Speeches delivered by Pat M. Neff, Governor of Texas, discussing certain phases of contemplated legislation Page: 6 of 61
The following text was automatically extracted from the image on this page using optical character recognition software:
elections not more than ten per cent of the voters cast their ballots.
It is difficult to get the people to take an interest in the patchwork
method of sewing a piece of new cloth here and there at haphazards
onto an old garment. When these constitutional amendments are submitted
the people do not know their relation to the other parts of the
Constitution and there being no information at hand concerning same,
vote against them. Let big, brave, busy men rewrite the entire fundamental
law of this State and give the people an opportunity to pass
their judgment on it as a whole. If the convention does not write a
good constitution, the people will not ratify it. You can't fool the
people about a big proposition.
TEXAS PROGRESS HOBBLED AND HAMSTRUNG.
We need a new Constitution in order that we may gridiron Texas
with good roads. The biggest question of this hour is a question of
transportation. The building and maintenance of enduring highways
constitute the only solution to this vexing question. Constitutional
stumbling-blocks now seriously hamper the construction in Texas of
road building in a big, broad, enduring way.
Our entire judiciary, civil and criminal, mapped out a half century
ago to meet a condition when we had but little litigation, is now tardy,
cumbersome, expensive, and inefficient. To illustrate, eight years ago,
I tried a case in the district court at Waco. I won. The case was appealed.
It is still somewhere in the higher courts. It is fifty-fifty the
case will be reversed. If it is, my client will probably be forced to watch
the mill of justice grind another eight years. Learned attorneys declare
that no efficient change can be made in the work of our courts under the
provisions of our present Constitution. In an effort to improve our
courts, seven amendments have been submitted, of which two were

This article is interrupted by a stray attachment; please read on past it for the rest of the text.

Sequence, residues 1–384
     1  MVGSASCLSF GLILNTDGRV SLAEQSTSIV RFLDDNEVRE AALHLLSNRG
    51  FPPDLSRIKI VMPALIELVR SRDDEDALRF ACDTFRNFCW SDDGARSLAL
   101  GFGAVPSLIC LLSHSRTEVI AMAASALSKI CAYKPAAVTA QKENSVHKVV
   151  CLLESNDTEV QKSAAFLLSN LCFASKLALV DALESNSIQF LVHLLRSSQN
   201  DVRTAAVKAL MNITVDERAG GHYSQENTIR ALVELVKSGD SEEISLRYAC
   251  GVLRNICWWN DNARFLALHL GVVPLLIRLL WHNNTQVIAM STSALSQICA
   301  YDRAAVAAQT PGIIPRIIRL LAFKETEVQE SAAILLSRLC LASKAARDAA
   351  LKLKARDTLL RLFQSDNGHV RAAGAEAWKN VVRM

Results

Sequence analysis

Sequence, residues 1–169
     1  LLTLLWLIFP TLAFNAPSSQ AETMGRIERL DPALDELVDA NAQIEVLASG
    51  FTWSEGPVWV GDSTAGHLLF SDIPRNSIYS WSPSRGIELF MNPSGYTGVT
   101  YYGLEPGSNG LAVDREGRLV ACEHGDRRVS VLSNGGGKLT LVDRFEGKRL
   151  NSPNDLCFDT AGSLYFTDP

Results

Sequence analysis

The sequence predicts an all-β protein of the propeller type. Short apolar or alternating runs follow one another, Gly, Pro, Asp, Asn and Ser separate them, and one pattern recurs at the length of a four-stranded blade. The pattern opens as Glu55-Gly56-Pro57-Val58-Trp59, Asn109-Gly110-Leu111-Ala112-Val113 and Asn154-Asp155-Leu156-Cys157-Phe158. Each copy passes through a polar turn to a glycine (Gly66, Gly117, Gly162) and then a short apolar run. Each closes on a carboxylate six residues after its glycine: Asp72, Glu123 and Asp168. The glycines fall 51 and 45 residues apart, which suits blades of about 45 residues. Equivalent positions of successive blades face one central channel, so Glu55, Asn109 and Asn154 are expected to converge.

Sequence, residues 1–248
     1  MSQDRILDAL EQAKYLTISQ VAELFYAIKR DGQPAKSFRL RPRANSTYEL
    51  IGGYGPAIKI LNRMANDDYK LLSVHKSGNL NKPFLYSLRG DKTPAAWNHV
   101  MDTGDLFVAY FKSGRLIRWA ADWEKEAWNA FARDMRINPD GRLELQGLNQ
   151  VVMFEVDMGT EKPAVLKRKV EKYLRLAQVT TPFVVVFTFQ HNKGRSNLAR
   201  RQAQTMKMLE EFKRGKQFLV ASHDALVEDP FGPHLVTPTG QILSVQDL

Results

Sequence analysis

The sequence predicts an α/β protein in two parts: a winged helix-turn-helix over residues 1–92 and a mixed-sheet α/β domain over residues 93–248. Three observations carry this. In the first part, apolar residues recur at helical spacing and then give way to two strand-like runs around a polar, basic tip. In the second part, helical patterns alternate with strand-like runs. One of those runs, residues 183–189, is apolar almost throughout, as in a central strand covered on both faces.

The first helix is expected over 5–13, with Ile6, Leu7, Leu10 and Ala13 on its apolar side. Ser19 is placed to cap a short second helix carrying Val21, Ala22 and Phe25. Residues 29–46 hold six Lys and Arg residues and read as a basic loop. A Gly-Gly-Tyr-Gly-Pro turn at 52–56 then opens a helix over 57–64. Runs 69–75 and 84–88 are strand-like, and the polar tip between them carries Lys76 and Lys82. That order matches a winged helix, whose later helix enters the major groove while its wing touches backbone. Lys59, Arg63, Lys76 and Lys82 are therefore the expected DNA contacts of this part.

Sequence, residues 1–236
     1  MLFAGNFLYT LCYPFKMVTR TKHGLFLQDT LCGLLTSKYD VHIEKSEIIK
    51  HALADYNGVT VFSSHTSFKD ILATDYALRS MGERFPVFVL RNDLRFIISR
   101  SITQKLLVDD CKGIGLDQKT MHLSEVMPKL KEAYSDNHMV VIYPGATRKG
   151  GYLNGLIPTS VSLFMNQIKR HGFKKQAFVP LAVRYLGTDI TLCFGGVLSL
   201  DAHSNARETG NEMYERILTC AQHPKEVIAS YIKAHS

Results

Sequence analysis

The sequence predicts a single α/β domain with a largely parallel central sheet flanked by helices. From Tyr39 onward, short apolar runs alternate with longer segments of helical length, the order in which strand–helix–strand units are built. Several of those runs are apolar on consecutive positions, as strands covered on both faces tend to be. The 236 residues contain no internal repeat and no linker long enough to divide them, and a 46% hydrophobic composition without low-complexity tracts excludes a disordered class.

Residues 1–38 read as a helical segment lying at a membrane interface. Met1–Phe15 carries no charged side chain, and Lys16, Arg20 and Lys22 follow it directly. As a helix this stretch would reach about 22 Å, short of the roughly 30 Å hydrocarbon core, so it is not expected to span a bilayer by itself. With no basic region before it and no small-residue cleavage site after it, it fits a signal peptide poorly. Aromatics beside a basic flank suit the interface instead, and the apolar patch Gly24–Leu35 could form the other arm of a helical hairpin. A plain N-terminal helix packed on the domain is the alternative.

adopted, the last being adopted more than thirty years ago.
We need a new Constitution in order to perfect our educational system.
When the present Constitution was written Texas was spending
annually less than a half million dollars, while last year this State
spent for this purpose over twenty-four million dollars. The year the
Constitution was adopted we had in our public schools only one hundred
sixty thousand students, while now a million and three hundred
thousand boys and girls answer to the roll call of the school house. At
that time we had no University of Texas, no A. and M. College, no
State normals, no College of Industrial Arts, with twenty thousand
students thronging their halls. No set of men in 1876 could possibly
have written a constitution forecasting and providing for in the best
and most efficient manner, this vast and varied educational growth.
While we are feeding this educational child expensive food it is not
growing as fast or becoming as strong as it ought to on account of a
fossilized constitution that has been hung around its neck. In a vain
effort to better our educational life, thirteen worthy amendments have,
during recent years, been submitted, of which but seven were adopted.
In the preservation of our flood waters, in the irrigation of our arid
lands, in the protection of our over-flow lands, in the preservation of
our natural resources, in the handling of our public utilities, in the
building of factories, all of which questions will soon be discussed by
Here’s what’s next.
This book can be searched. Note: Results may vary based on the legibility of text within the document.
Tools / Downloads
Get a copy of this page or view the extracted text.
Citing and Sharing
Basic information for referencing this web page. We also provide extended guidance on usage rights, references, copying or embedding.
Reference the current page of this Book.
Neff, Pat M. Speeches delivered by Pat M. Neff, Governor of Texas, discussing certain phases of contemplated legislation, book, 1923; Austin, Texas. (texashistory.unt.edu/ark:/67531/metapth5835/m1/6/: accessed October 17, 2017), University of North Texas Libraries, The Portal to Texas History, texashistory.unt.edu; .